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4th District Court awards sanctions against IHC for trial counsel misconduct in Wilson v. IHC Hospitals, Inc.

IHC Hospitals Sanctions

IHC Hospitals SanctionsFollowing a four-day evidentiary hearing, Fourth District Court Judge Christine Johnson has imposed sanctions on IHC Hospitals, Inc., due to misconduct of its counsel JoAnn Bott (fka JoAnn Carnahan).  In Wilson v. IHC Hospitals, a case litigated by Christensen & Jensen (“C&J”), Judge Johnson found that Ms. Bott “exhibited a guarded and defensive demeanor” at the evidentiary hearing, had memory lapses that “appear to be more convenient than genuine,” and at times “exhibited a lack of candor.”

Judge Johnson further found that counsel had engaged in “willful” improper conduct in the underlying medical malpractice trial, “which resulted in altered testimony and amended records.”

The court found a “lack of remorse” by attorney Bott, and was “quite struck” by the attorney’s refusal to admit that Utah case law applied to her conduct, “even though Utah’s highest court has held otherwise.”

At issue in Wilson was whether sanctions were warranted because a treating physician altered his records and testimony following several ex parte meetings with Ms. Bott.  The court found that Ms. Bott had improperly engaged in ex parte meetings with Dr. Richard Boyer, a treating physician in the case, which resulted in Dr. Boyer altering his records and testimony at trial.

According to the court’s Ruling and Order on Plaintiffs’ Motion for Sanctions,  prior to trial, Ms. Bott arranged multiple ex parte meetings with Dr. Boyer, two of which were also attended by co-counsel and IHC’s risk manager.

The court found that “[t]hese meetings were not chance encounters.  Neither were they brief discussions to simply clarify Dr. Boyer’s medical opinion.  Rather, these meetings were repeated strategy sessions where litigation theories were outlined and medical opinions were ultimately altered.”

The court noted that Dr. Boyer “eventually acknowledged that clinical information conveyed to him by Ms. Bott in an ex parte meeting made its way into [the plaintiffs’ baby son’s] record when he dictated an addendum to [the plaintiffs’ baby son’s] MRI.”  After failing to offer “a consistent description of his motivations for making that addendum,” Dr. Boyer “finally conceded that he dictated [the plaintiffs’ baby son’s] addendum, at least in part, for use in litigation.”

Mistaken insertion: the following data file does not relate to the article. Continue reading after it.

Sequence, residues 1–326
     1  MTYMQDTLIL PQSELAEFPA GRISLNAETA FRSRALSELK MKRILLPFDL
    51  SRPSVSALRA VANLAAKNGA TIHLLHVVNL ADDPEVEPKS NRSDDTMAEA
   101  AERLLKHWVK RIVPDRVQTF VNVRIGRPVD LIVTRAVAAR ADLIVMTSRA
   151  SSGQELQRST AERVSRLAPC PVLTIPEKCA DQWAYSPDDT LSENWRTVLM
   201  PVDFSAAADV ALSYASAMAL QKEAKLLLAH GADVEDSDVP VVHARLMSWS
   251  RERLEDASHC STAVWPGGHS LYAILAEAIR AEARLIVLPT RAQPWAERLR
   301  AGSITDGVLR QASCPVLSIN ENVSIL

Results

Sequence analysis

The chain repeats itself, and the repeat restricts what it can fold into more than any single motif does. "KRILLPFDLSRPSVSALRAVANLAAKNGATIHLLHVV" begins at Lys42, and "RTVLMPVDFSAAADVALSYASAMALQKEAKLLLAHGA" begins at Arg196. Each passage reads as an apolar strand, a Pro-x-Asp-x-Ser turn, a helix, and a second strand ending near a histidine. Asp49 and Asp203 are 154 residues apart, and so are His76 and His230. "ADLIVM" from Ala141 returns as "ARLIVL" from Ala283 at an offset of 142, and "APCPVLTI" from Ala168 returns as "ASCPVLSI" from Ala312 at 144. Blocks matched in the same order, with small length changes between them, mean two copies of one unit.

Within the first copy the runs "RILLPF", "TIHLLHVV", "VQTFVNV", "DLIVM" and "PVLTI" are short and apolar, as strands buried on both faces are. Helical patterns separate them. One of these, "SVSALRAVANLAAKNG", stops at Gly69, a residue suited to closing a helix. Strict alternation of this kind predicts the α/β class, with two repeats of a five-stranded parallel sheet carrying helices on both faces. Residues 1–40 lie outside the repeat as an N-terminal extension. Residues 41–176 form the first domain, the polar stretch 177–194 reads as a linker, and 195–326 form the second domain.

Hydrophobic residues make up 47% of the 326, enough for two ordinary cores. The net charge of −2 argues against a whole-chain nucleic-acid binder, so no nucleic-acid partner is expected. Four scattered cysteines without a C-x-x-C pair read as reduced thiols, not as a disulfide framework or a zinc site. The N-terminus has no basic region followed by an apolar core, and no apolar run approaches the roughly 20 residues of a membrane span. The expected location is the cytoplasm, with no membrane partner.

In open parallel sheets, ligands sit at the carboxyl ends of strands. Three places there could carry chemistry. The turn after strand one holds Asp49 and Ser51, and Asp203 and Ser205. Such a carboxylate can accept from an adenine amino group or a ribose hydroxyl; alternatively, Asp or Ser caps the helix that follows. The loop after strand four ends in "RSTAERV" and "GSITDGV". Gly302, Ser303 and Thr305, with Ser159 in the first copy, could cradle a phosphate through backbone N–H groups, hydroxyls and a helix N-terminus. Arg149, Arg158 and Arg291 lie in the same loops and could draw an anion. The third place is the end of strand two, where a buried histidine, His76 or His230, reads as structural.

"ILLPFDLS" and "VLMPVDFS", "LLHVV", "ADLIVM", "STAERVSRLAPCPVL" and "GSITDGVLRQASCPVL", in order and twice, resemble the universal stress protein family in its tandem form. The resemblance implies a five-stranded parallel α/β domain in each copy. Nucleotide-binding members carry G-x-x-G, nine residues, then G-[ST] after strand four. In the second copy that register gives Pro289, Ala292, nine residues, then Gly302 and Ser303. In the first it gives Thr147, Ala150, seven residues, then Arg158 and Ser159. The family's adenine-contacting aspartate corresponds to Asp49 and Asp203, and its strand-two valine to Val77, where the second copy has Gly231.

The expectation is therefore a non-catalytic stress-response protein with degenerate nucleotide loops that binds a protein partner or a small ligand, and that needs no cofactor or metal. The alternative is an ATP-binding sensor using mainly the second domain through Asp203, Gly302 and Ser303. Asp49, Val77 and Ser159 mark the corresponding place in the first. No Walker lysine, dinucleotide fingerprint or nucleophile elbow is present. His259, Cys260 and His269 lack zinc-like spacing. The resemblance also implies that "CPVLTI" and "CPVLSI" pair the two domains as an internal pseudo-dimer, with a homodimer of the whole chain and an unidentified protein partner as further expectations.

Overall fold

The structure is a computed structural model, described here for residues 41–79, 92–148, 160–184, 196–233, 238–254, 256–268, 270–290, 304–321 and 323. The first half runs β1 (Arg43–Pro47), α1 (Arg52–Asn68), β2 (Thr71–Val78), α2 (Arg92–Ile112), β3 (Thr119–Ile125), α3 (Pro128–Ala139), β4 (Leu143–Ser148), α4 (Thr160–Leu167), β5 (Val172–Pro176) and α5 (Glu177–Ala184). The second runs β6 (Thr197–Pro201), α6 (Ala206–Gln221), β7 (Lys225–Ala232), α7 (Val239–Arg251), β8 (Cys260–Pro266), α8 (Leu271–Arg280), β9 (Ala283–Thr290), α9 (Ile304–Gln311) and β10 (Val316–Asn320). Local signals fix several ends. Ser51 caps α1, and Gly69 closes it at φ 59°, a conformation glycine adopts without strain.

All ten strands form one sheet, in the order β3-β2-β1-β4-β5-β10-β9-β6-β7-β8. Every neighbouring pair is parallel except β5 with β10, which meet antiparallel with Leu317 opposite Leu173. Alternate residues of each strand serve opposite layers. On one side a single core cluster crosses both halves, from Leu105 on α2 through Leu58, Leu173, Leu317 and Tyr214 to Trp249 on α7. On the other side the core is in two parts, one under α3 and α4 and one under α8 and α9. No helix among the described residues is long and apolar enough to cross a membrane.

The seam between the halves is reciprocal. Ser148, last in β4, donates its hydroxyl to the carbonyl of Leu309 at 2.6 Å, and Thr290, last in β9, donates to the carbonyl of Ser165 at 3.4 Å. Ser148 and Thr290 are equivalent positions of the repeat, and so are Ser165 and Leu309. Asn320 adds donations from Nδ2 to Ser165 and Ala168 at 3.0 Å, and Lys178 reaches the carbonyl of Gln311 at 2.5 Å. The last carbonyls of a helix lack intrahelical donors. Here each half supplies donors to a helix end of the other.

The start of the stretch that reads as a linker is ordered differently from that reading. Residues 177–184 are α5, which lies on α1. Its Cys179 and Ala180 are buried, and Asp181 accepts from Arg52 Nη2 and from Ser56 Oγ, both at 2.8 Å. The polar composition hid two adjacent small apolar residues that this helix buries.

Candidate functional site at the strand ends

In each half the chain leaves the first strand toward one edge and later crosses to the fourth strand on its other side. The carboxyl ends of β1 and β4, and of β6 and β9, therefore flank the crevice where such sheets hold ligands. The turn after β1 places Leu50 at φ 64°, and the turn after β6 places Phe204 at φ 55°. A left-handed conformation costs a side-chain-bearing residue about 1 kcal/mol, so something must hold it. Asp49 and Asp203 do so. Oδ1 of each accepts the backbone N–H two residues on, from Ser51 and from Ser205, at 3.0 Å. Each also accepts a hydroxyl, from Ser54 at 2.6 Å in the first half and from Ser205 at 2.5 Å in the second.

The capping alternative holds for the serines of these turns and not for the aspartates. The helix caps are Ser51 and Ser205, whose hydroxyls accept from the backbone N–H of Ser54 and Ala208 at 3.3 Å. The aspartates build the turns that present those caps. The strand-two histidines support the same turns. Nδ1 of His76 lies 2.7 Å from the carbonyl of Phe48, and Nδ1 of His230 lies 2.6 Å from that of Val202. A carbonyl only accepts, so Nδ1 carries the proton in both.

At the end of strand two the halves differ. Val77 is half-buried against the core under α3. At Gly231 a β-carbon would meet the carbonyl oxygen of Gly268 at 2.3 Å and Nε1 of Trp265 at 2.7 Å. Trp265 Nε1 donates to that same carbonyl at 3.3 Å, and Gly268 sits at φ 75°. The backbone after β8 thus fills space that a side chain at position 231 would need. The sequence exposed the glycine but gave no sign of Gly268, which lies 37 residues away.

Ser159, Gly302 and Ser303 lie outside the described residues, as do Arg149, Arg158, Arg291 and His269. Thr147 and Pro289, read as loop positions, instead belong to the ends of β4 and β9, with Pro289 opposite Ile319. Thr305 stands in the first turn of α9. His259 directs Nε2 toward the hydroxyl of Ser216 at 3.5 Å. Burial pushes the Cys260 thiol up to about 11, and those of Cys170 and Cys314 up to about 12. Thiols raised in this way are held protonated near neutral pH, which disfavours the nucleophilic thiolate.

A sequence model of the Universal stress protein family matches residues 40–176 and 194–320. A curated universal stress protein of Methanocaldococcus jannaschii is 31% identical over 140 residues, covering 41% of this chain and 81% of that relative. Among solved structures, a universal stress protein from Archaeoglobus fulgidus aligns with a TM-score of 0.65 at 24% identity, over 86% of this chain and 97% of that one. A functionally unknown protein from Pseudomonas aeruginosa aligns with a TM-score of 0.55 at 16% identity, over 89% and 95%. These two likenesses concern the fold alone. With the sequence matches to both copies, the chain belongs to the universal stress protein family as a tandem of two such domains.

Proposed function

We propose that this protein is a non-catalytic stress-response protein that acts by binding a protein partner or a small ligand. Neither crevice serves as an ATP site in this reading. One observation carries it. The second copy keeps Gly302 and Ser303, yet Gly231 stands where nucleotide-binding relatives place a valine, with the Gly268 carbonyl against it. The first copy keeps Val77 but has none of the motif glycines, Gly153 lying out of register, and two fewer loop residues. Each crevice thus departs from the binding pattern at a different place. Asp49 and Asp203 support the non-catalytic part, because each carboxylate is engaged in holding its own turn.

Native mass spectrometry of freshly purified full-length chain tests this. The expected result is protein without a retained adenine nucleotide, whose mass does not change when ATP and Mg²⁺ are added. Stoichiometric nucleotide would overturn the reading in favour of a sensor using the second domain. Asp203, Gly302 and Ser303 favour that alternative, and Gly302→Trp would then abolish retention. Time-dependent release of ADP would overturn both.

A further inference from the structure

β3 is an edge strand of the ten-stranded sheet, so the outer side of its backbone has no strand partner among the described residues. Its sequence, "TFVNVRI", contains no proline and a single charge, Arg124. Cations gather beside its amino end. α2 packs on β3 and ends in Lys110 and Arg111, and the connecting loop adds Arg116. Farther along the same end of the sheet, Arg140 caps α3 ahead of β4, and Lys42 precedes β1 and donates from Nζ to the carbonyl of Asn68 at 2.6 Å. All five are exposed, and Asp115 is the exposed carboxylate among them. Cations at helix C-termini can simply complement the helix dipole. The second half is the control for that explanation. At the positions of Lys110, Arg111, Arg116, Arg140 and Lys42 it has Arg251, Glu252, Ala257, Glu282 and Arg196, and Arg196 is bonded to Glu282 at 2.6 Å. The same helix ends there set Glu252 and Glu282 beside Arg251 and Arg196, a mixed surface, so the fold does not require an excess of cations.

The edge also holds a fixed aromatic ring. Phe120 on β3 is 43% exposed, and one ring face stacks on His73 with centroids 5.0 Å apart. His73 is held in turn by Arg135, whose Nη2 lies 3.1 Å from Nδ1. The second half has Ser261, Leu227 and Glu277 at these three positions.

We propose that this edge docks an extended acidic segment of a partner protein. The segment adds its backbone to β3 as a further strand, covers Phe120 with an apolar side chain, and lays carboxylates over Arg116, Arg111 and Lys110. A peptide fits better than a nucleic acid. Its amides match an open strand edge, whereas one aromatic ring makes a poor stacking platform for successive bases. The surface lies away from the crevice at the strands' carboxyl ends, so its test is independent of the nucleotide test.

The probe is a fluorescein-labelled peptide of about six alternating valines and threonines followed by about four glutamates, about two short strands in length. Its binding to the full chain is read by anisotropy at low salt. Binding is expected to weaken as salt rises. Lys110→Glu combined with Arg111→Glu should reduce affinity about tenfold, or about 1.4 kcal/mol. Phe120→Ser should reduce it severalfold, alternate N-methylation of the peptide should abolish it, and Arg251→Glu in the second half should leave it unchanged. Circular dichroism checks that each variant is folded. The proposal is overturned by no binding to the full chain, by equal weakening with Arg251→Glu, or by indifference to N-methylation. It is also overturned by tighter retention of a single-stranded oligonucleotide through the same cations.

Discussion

The court noted that Ms. Bott and Dr. Boyer had engaged in a “pattern” of conduct, whereby the two met “on repeated cases for the purpose of coordinating IHC’s position and Dr. Boyer’s testimony.”

The court further found that the impropriety of Ms. Bott’s conduct was clear at the time.  IHC’s argument centered primarily on the propriety of the meetings themselves, without any consideration to the “content” of the meetings.  The court rejected IHC’s position, concluding that, “while the meetings themselves were not sanctionable, the content of them most certainly is.”

Having determined that sanctions were warranted, the court imposed the following sanctions against defendant IHC Hospitals, Inc.: 1) IHC may not call Dr. Boyer or his colleagues as a witness; and 2) IHC is prohibited from supporting its claim that [the plaintiffs’ son] suffers from cortical dysplasia.  Furthermore, the court stated that “IHC is placed on notice that the Court will not tolerate any attempts by IHC to violate this order, as was done previously with Judge Howard’s order in limine.”

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